US tech giants Apple Inc. and Amazon.com may be forced to sell or close shop if a broad antitrust legislation passes congressional muster.
On Friday, House Democrats and Republicans introduced a series of bills that establishes more stringent rules on how tech giants operate. The five bills would also give antitrust authorities more ‘teeth’ to take on the country’s wealthiest and most influential businesses.
Ending the tech monopoly
Lawmakers have lamented the extraordinary power of unbridled tech companies on the national economy. According to Rep. David Cicilline of Rhode Island (D), such antitrust bills aim to level the playing field and ensure that the dominant companies in tech “play by the same rules.”
Republican Rep. Ken Buck of Colorado expressed that the bills would encourage innovation and allow small businesses a fair chance.
The new proposals, combined with previous bills introduced in the Senate, would become the most significant reform in US competition law since the 19th century when the first antitrust laws were passed. Legislators are keen on limiting the top tech firms in abusing their hold on digital markets and stifle competition.
Surprisingly, the five antitrust bills earned bipartisan support and are expected to temper behaviors of tech companies, including stricter merger reviews, regulating the products and services they offer, and scrutinizing their treatment of businesses reliant on their platforms.
The “Ending Platform Monopolies Act,” one of the five House bills, makes it illegal for tech platforms to acquire a business that competes with the same service or product on a similar platform. What does this mean?
For instance, Amazon would be barred from selling its own brands and services, such as Amazon Basics; Apple canno longer sell Apple Music. Google would be stopped from offering bespoke search services in shopping, travel, or local businesses.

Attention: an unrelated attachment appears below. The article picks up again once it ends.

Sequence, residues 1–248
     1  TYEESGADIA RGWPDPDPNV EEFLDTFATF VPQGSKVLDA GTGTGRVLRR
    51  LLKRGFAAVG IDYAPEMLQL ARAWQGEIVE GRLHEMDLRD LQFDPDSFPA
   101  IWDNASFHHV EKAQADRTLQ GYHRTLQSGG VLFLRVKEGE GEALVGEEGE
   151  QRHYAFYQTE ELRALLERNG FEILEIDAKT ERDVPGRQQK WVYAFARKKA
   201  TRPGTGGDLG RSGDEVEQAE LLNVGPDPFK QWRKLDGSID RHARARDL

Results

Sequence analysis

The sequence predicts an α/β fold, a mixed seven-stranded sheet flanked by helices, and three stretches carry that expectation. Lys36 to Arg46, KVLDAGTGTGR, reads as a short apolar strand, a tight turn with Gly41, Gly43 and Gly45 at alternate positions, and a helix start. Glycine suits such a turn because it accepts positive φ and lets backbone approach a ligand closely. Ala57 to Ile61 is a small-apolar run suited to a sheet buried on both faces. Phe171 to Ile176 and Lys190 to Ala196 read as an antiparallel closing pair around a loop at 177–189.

Following the bills’ release, the Nasdaq 100 Index, where tech titans dominate, shaved gains and lagged behind the Nasdaq Composite Index.
Senate still to reciprocate
The US Senate has yet to put parallel efforts with the House in passing a sweeping antitrust bill. At present, Sen. Amy Klobuchar of Minnesota’s proposal has no Republican backer.
Bipartisan antitrust efforts in the Senate only relate to increasing the filing fees for merger reviews and beefing up funding for antitrust enforcement.
If the House antitrust legislative package passes, it could seriously hurt Google’s $23 million ad business. Google brokers ad transactions and offers technology for advertisers and website publishers to buy and sell digital ads. However, it also competes as a buyer and seller in the marketplace.
Unsurprisingly, antitrust lobbyists praised the legislative package, particularly in reviving competition in the digital markets.
Technology trade groups have lambasted the bills, alleging that it threatens innovation and upends consumer choice. Groups such as the Computer & Communications Industry Association called for more hearings on the proposed antitrust law.
Meanwhile, the Chamber of Commerce registered its opposition to the House bills, saying that they are nothing but “targeted attacks” on particular companies.